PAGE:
He added it would be up to the political forces participating in the council to inform the people on the pros and cons of the plan, in accordance with their positions.

    “I would imagine that. Depending on the positions they adopt at the Council, political parties would have to inform the people accordingly,” the spokesman said.

    Asked on what the government expected from the Turkish Cypriot side at The Hague, Chrysostomides said: “There is a conflicting policy from Turkey; we have (the leader of the ruling AK party Tayyip) Erdogan trying to convince us that the Turkish government wants a solution in Cyprus and on the other hand we have his Foreign Minister expressing support for Denktash's policy”.

    The spokesman suggested there would not be any fallout on the Greek Cypriot side if the Turkish Cypriots rejected the plan.

    “If the Turkish side decides in the meantime to reject the Annan plan, this will certainly affect the future course of the negotiations on the basis of the timeframe as this has been defined,” he said.

    Concerning the legitimacy of a referendum in the occupied north, Chrysostomides said there were fears the Denktash regime could attempt to rig the vote if the plan was put to a referendum.

    Copyright Cyprus Mail 2003

    Tuesday, March 4, 2003

    [03] Markides' resignation postponed pending developments in Cyprus problem

    By a Staff Reporter

    ALECOS Markides is to stay on as Attorney-general until March 10 in view of developments in the Cyprus problem.

    President Tassos Papadopoulos and Turkish Cypriot leader Rauf Denktash have agreed to go to The Hague next Monday to give an answer on whether they will put the Annan plan for a solution to the electorate in separate referenda.

    Markides, who was the most senior member of former President Glafcos Clerides' negotiating team, made an unsuccessful bid as a presidential candidate on February 16. Papadopoulos, however, has kept him in the negotiating team.

    After a meeting between Papadopoulos and Markides on Saturday afternoon, it was decided Markides should stay on as Attorney-general until the March 10 deadline and until March 30 if the referenda go ahead.

    Annan has warned that if either side says no on March 10, it will be the end of the line for UN involvement in the Cyprus problem, at least for the remaining three years of his term.

    “We had an open discussion based on my statements before the (presidential) elections and because of the latest developments on the Cyprus problem, i.e. the submission of the third plan and the incredible amount of work required within the framework of the technical committees during the next 10 days”, Markides said after his meeting with Papadopoulos.

    “We have arrived at the conclusion that under the circumstances, my resignation is not advisable now. The issue will be concluded once the Cyprus problem is settled,” he said.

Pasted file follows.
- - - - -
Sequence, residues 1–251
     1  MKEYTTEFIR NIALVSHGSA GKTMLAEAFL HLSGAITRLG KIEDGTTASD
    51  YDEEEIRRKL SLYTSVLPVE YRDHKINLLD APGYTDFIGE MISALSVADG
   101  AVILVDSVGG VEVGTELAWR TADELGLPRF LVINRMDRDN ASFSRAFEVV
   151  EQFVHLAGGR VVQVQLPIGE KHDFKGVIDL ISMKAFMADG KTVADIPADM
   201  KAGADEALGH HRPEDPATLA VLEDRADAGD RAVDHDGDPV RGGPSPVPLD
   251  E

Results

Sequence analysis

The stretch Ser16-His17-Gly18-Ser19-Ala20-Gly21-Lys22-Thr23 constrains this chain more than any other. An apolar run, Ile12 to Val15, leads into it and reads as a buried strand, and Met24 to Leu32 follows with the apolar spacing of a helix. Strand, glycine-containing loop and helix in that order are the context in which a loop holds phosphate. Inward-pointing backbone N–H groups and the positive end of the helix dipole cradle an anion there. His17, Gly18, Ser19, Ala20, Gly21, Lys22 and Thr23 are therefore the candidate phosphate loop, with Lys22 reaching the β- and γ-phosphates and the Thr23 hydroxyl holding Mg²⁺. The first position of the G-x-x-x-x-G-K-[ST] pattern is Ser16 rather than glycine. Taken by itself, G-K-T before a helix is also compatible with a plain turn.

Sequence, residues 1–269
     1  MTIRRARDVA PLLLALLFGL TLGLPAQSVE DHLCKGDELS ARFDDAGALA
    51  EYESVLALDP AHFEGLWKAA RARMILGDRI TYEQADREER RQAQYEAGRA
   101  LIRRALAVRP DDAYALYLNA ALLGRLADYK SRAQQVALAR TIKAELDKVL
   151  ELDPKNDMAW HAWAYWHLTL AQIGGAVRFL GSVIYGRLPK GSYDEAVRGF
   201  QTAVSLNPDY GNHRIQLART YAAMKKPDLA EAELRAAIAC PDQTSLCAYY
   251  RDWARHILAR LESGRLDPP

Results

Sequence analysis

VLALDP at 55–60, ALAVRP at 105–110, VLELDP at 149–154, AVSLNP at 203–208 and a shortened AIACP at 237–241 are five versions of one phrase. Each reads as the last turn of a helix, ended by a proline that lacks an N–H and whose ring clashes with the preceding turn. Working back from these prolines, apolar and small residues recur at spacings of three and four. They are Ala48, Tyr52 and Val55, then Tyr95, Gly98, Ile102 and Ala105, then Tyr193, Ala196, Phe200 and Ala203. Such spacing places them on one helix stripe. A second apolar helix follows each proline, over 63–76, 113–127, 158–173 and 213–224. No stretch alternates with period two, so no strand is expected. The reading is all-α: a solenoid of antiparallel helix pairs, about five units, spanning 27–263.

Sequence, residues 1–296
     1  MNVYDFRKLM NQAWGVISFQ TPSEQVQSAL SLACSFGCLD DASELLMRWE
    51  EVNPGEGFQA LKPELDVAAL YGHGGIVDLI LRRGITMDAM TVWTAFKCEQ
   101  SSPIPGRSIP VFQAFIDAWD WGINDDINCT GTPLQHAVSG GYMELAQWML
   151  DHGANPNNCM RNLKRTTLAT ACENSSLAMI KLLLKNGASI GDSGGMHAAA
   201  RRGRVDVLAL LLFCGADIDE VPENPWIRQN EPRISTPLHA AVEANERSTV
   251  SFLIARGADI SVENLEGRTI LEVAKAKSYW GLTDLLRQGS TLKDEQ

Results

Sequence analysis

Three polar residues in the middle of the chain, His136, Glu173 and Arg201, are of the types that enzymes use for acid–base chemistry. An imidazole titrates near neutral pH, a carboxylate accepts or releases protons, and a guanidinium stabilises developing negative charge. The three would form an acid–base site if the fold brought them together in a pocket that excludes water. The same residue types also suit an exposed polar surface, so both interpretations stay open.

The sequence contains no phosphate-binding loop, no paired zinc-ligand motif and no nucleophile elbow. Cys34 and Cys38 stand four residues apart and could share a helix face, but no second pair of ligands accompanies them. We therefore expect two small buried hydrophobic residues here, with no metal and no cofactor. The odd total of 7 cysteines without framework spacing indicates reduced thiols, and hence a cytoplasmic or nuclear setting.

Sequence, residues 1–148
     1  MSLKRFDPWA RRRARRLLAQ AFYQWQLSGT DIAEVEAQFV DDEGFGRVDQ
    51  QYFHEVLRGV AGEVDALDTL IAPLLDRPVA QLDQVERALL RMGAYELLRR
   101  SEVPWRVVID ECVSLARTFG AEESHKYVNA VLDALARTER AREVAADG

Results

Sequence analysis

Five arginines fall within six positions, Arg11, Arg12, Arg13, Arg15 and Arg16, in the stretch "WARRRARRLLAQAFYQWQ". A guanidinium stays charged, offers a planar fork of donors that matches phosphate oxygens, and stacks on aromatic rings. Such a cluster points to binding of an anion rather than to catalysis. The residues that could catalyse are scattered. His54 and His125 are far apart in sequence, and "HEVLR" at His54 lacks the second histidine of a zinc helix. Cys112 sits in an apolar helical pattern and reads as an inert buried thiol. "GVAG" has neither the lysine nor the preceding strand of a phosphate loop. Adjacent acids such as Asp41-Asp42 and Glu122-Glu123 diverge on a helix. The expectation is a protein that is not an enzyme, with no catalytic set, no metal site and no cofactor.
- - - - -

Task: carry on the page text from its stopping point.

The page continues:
Copyright Cyprus Mail 2003

    Tuesday, March 4, 2003

    [04] New ministers pledge unity and hard work

    By George Psyllides

    MINISTERS of the new government yesterday assumed their official duties under President Tassos Papapadopoulos in a procedure, which kicked off early in the morning and was completed at noon.

    The new Cabinet was sworn in on Saturday.

    New Foreign Minister George Iacovou, 65, gave assurances he would do his best to prove worthy of the new President's trust and to provide the vision and leadership necessary for the ministry to carry out its task.

    Iacovou said he was deeply moved to return to the well-known area of foreign policy and its people.

    He said he was satisfied because he was assuming a strong ministry that he described as the “shield and spear” of the Republic.

    Iacovou previously served two terms as foreign minister, one under late Spyros Kyprianou from 1983 to 1988 and the other under George Vasilliou from 1988 to1993.

    His appointment has raised eyebrows, as he is seen as having been imposed on Papadopoulos by his partner in government, AKEL leader Demetris Christofias, who apparently exerted considerable pressure on the new president to secure Iacovou's posting.

    Papadopoulos had declared he was not going to appoint people who had served in previous governments.

    New Justice Minister Doros Theodorou, 64, pledged to remain a faithful devotee of honesty, integrity, and meritocracy adding that his policy would be based on Papadopoulos' programme.

    “Our efforts will focus on implementing the President's declarations and the vision approved by the people,” Theodorou said.

    Fifty-seven-year old Dina Akkelidou, who was appointed Health Minister, promised to do all she could and co-operate with everyone to improve the area to the highest possible level.

    “I have visions for the public health area, a difficult area, which is so important, not only for the people's welfare but also for the future generations,” Akkelidou said.